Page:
Everyone loves free. Free beer, free love, free samples; it gets our attention and it appeals to our desire to nab a bargain and be a winner. Then there’s the “I deserve this!” inner voice that says that while you may not need what’s being given away, you want it because it’s FREE!!!! If you’re in Asia, go to the food section of an up-market department store around lunchtime and feast on the endless array of free samples. I challenge you to walk out of there hungry.
But there’s always a price to pay. Someone, somewhere has you in their sights to convert to you to becoming a paying customer. It’s fair and equitable when you think about it: I give you something; you give me something else in return. As long as everyone is happy enough to accept that, all is fine and dandy.
Free everything has been the cornerstone of the internet’s appeal since its inception. Back in the good old days, or at least the old days, there were finite TV and radio stations, newspapers and magazines. The owners of those mainly local mastheads were invariably rich and powerful and had built up their titles over several decades or even centuries.
Today, anyone with an idea and a half decent smartphone can create a massive global audience within six months by pumping out free content.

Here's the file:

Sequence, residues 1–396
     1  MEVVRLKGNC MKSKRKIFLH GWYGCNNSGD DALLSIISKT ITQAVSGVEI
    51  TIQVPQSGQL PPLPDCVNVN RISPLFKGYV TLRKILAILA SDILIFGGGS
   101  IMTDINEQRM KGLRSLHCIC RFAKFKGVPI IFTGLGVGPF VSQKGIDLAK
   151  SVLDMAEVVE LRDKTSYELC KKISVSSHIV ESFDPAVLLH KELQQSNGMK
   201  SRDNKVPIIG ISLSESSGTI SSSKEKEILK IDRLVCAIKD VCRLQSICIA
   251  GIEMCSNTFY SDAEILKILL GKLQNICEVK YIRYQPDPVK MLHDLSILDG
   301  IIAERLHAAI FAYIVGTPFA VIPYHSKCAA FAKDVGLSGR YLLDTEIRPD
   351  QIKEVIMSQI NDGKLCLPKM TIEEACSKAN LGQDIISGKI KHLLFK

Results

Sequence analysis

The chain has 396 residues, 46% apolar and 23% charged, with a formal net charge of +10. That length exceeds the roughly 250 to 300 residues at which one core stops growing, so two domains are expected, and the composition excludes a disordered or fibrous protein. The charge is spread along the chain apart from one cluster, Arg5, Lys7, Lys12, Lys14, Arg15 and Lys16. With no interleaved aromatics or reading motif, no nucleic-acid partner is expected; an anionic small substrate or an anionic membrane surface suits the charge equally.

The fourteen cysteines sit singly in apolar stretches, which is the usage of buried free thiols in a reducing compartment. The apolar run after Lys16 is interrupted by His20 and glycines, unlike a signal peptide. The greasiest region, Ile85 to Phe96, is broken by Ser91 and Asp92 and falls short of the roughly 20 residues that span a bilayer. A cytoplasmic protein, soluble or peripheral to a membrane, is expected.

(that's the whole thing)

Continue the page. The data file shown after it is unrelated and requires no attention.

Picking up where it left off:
So what’s the price to be paid due to the relentless consumption of this readily available digital content? For a start traditional content creators like journalists, cameramen and radio announcers have been confronted with diminishing audiences – and jobs – for years.
The other rather subjective price to pay is the quality of the content that’s being produced. While there are 4 billion videos streamed on YouTube PER DAY, approximately 152 million blogs and 75 million monthly podcast listeners, quantity does not necessarily equal quality. With so much ‘noise’ it has never been harder to work out what’s good and what’s not.
This has created an enormous conundrum for those of us looking to promote and differentiate any type of premium/paid product or service: how can we create enough value that people will be willing to pay for it?The answer is simple. It all comes down to a marketing fundamental: identify a market need and fill it. If you fill that need uniquely and in a compelling way, you get rich. Fail to do that and the best you can hope to achieve is to excite people by what they don’t have to pay you for.
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Images: http://www.ethoseducation.com.au/free-ielts-workshops.html; http://nintendo-okie.com/2011/06/22/should-more-companies-use-flexible-pricing/